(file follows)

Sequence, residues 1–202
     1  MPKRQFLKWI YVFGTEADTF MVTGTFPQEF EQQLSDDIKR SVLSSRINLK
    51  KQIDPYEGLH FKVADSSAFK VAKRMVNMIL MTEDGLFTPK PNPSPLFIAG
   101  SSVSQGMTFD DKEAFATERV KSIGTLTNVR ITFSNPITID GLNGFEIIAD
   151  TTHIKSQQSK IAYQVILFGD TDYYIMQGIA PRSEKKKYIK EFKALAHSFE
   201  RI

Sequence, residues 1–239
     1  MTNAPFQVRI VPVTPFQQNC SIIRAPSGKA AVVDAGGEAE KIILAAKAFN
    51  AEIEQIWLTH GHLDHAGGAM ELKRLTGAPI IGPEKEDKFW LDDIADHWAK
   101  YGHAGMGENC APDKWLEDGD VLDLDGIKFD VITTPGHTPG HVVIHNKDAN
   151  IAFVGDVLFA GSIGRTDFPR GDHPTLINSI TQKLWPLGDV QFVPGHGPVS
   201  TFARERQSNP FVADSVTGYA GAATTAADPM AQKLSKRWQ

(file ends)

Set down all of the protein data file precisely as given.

Sequence, residues 1–202
     1  MPKRQFLKWI YVFGTEADTF MVTGTFPQEF EQQLSDDIKR SVLSSRINLK
    51  KQIDPYEGLH FKVADSSAFK VAKRMVNMIL MTEDGLFTPK PNPSPLFIAG
   101  SSVSQGMTFD DKEAFATERV KSIGTLTNVR ITFSNPITID GLNGFEIIAD
   151  TTHIKSQQSK IAYQVILFGD TDYYIMQGIA PRSEKKKYIK EFKALAHSFE
   201  RI

Sequence, residues 1–239
     1  MTNAPFQVRI VPVTPFQQNC SIIRAPSGKA AVVDAGGEAE KIILAAKAFN
    51  AEIEQIWLTH GHLDHAGGAM ELKRLTGAPI IGPEKEDKFW LDDIADHWAK
   101  YGHAGMGENC APDKWLEDGD VLDLDGIKFD VITTPGHTPG HVVIHNKDAN
   151  IAFVGDVLFA GSIGRTDFPR GDHPTLINSI TQKLWPLGDV QFVPGHGPVS
   201  TFARERQSNP FVADSVTGYA GAATTAADPM AQKLSKRWQ